Syria/third international donors’ conference
Four years of civil war. Two hundred and twenty thousand deaths. More than 10 million Syrians chased from their homes. So my first observation will be a statement of the obvious: the best thing we can do to help is to end this appalling conflict. The path is known: it requires an inclusive political solution leading to a genuine democratic transition.
Unfortunately, we must recognize another obvious fact: too many players still prefer war to peace. So we have an obligation, here and now, to help the people trapped between a barbaric regime and Daesh [ISIL].
This conference must involve active efforts from everyone, particularly the countries which have not yet contributed to international solidarity.
Collectively, we are facing up to a threefold responsibility.
1 – Firstly, to help 7.6 million displaced people inside Syria.
In addition to necessary financial resources, the crucial issue arises of access to the people, whose situation is deteriorating. Bashar al-Assad’s regime bears the main responsibility by targeting civilians and increasing the number of obstacles to aid.
The renewal of Resolution 2165 has enabled cross-border operations to be continued. These efforts must be stepped up.
I pay tribute here to Syrian civil society: its dedication is a bulwark against extremism. We must do more to support it.
2 – Our second duty is to help 3.8 million Syrian refugees outside their country.
A whole generation risks being sacrificed.
I welcome the work being done by the UNHCR and all the NGOs – Lebanese, Jordanian and European, particularly French – and the other humanitarian players.
But those refugees will have to be able to return to their homes as quickly as possible. Their humanity and dignity is at stake. Regional security is also at stake.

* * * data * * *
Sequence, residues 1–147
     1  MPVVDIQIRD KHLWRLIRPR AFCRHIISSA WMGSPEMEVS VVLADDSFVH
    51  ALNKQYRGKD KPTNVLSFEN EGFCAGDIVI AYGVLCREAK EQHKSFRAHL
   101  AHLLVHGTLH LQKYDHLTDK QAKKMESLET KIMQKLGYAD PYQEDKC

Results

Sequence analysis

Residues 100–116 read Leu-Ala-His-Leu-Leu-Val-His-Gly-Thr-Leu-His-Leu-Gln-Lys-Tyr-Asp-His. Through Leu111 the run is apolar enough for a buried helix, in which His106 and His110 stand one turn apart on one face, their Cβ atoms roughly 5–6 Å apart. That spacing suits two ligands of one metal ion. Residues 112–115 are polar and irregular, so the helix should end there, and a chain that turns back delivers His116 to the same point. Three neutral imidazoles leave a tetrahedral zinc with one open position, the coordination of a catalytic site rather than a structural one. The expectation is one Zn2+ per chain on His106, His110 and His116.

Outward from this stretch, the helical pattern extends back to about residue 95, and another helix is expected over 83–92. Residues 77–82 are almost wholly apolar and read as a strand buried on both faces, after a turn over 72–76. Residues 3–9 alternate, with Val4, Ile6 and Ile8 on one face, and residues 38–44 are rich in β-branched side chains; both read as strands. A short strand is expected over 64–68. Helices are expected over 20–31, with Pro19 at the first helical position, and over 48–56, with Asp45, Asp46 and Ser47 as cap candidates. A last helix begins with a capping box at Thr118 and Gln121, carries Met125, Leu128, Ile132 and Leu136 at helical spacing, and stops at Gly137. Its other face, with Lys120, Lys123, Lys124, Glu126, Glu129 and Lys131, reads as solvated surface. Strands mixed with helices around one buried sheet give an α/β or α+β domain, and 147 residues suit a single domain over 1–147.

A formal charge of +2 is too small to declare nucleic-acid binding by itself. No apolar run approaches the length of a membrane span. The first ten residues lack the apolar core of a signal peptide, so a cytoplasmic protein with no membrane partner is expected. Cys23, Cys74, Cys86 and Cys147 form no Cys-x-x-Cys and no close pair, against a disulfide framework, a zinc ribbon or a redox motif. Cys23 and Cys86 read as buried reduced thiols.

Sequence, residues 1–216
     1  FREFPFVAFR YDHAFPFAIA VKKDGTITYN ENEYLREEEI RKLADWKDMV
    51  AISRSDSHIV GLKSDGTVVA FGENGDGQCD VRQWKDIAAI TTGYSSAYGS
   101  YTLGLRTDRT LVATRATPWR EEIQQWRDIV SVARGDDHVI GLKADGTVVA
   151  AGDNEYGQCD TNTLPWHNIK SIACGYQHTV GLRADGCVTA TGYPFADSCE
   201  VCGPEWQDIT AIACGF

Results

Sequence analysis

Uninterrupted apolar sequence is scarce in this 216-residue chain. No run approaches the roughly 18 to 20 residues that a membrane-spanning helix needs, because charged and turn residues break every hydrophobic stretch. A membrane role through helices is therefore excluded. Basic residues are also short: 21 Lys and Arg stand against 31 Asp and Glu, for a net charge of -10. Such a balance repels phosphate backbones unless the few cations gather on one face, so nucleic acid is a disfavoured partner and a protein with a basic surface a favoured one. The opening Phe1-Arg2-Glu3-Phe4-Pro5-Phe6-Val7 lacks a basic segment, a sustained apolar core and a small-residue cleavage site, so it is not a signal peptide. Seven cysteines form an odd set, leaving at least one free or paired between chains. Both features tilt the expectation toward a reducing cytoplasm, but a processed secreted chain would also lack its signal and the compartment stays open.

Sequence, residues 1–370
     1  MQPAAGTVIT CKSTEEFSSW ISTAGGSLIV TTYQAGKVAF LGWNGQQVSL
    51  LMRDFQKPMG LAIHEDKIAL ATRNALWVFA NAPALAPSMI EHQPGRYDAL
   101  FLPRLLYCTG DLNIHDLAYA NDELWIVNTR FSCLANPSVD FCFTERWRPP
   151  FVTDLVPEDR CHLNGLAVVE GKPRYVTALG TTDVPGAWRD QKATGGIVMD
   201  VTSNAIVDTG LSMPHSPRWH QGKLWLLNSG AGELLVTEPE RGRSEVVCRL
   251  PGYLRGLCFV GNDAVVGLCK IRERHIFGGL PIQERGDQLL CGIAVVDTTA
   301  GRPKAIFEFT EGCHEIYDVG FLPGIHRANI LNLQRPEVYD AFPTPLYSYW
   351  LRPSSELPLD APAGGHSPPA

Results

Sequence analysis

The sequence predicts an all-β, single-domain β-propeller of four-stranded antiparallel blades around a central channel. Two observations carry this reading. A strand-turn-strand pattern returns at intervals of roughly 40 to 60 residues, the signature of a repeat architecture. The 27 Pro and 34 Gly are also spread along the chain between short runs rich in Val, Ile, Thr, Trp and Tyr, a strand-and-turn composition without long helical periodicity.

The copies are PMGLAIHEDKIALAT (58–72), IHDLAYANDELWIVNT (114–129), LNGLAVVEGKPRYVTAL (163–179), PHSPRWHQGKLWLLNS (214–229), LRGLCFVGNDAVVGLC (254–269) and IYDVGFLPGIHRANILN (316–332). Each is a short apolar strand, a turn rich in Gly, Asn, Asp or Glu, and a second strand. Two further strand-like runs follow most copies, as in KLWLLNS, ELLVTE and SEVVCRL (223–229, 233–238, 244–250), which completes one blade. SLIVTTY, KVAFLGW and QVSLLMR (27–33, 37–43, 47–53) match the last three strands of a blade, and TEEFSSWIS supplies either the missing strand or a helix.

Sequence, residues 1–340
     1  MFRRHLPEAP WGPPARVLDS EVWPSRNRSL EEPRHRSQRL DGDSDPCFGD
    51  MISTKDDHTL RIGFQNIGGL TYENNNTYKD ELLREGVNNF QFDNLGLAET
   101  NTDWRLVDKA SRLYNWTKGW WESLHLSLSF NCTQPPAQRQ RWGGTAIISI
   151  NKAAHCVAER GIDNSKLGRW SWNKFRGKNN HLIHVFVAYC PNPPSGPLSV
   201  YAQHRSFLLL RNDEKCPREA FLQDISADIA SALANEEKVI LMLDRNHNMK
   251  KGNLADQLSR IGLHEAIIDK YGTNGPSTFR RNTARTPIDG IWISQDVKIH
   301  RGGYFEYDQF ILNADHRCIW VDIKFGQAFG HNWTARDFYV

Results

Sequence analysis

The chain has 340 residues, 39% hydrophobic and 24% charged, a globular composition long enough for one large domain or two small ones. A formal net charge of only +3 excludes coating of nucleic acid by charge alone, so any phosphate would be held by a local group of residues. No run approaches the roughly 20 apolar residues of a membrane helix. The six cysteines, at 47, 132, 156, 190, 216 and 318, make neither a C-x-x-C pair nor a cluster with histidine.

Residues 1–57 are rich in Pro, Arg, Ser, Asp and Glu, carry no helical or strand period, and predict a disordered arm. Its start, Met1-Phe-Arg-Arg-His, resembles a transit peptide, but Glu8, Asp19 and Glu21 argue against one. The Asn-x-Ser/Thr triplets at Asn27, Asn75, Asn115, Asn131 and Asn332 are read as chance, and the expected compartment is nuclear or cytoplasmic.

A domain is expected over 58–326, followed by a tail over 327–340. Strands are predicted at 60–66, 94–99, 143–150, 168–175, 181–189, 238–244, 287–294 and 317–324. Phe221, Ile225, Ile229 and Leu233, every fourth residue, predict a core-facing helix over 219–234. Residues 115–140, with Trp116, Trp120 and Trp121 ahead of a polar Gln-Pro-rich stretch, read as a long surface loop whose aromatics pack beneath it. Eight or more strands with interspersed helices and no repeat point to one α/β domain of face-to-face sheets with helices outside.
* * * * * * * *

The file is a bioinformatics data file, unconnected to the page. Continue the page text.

That’s why M. Laurent Fabius proposed on 27 March that the Security Council set up a specific fund to help refugees return.
3 – Our third responsibility is to help the host countries tackle this crisis and to maintain their stability.
Last week I was in Lebanon, where I was able to see the generosity of that country, which has taken in more than a million refugees – a quarter of its population.
Lebanon can’t face up to this burden alone. France has been making active efforts to address the challenge. All the donors must contribute to this.
Last year France pledged some €20 million for Syria; in the end it raised nearly double that.
This year, in response to your appeal, France is announcing a new €20-million contribution for humanitarian aid and development. France is also contributing some €85 million to the European Union’s effort.
A major share of our aid will fund the World Food Programme’s action in the region, as well as educational programmes by the UNHCR in Lebanon and UNICEF in Jordan.
France will continue its support for solidarity networks in Syria and local councils, in liaison with the Syrian Interim Government. Resources will be devoted to funding programmes to support host communities for refugees in the neighbouring countries, with priority being given to Lebanon and Jordan. Finally, we’ll continue to take in Syrians to our country, as we’ve been doing since the beginning of the crisis.